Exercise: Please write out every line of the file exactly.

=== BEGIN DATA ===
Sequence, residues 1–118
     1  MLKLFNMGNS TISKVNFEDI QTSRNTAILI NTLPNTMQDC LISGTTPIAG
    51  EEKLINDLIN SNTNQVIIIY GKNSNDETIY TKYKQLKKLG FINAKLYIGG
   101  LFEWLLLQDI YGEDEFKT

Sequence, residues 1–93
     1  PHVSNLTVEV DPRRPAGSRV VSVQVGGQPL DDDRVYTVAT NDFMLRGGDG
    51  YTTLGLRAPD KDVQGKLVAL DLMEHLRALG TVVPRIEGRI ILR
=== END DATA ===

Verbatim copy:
Sequence, residues 1–118
     1  MLKLFNMGNS TISKVNFEDI QTSRNTAILI NTLPNTMQDC LISGTTPIAG
    51  EEKLINDLIN SNTNQVIIIY GKNSNDETIY TKYKQLKKLG FINAKLYIGG
   101  LFEWLLLQDI YGEDEFKT

Sequence, residues 1–93
     1  PHVSNLTVEV DPRRPAGSRV VSVQVGGQPL DDDRVYTVAT NDFMLRGGDG
    51  YTTLGLRAPD KDVQGKLVAL DLMEHLRALG TVVPRIEGRI ILR